Compliance And Systems

Having proven that team work can meet the demands of financial reporting (including disclosures) under IFRS, why not create teams to find ways of improving the data collection and calculations by automating, as far as practical, the tax reporting process? This is even more important now that companies have to do business in the Sarbanes-Oxley world of high standards of corporate governance and internal controls.

Automation can help in many ways, such as tracking and calculating tax on share options, revaluations, derivatives, and profits retained offshore. In addition, as noted above, each jurisdiction will have its own book/tax differences, depending on the GAAP used and specific tax rules in that territory; the right systems can reconcile these books, as well as ensuring that tax is correctly booked to income statements or equity. At the same time, transfer pricing documentation can be reviewed and updated.

Tax Forecasting And Effective Tax Rate Management

To forecast taxes payable and reported tax charges – and to deliver meaningful data in real time – requires an investment in systems (or headcount) above and beyond simple business tools and structures. The new tax accounting rules, combined with the impact of cash tax rules in different jurisdictions and the need for robust forecasts by territory, make inevitable a new and better way of 'crunching' numbers.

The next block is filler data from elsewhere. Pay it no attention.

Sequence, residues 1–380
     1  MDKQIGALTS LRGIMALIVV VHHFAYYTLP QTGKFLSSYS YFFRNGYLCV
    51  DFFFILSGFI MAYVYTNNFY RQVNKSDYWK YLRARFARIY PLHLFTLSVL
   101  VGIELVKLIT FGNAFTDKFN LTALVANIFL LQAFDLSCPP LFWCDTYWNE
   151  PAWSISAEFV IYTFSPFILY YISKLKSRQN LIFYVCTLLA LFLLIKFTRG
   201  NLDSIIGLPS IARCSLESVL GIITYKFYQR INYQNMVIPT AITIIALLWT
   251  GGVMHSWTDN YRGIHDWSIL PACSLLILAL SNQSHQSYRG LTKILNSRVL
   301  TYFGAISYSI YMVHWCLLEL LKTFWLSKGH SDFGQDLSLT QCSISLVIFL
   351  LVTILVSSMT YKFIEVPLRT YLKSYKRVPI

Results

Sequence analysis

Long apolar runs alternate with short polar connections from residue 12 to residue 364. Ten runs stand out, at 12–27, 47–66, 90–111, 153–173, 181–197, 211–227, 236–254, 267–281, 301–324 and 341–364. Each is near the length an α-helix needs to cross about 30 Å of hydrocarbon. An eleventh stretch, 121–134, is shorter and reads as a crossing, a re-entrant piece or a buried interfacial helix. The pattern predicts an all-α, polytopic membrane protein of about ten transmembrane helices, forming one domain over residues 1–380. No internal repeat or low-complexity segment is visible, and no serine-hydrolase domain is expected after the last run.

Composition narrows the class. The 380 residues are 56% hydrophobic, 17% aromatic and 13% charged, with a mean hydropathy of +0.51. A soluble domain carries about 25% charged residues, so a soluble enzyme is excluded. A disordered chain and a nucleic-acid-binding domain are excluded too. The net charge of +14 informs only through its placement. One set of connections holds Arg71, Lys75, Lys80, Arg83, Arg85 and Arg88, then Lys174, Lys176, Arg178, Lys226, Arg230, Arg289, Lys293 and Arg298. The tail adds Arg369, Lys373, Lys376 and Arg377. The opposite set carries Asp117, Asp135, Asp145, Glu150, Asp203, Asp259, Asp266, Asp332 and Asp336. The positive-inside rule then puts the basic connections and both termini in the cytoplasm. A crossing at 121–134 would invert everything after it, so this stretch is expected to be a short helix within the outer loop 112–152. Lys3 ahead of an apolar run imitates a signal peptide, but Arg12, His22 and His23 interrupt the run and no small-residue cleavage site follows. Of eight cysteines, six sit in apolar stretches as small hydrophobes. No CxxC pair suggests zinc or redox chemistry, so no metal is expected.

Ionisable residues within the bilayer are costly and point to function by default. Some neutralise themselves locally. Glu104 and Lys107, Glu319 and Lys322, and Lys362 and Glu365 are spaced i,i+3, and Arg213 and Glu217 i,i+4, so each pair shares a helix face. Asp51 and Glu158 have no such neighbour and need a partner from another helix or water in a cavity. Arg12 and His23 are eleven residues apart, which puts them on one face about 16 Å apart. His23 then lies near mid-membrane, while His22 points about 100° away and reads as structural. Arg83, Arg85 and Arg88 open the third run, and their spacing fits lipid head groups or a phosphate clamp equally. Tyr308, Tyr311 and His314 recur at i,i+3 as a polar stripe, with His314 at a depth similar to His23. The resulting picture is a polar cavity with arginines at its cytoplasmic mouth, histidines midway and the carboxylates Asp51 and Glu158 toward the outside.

Because of limited exceptions to recognising deferred tax, it will generally be much harder to achieve a lower effective tax rate under IFRS. Here, new key performance indicators can help. Companies need to focus on their effective tax rate to get a clear understanding of posttax profits and, hence, regulatory capital and earnings per share.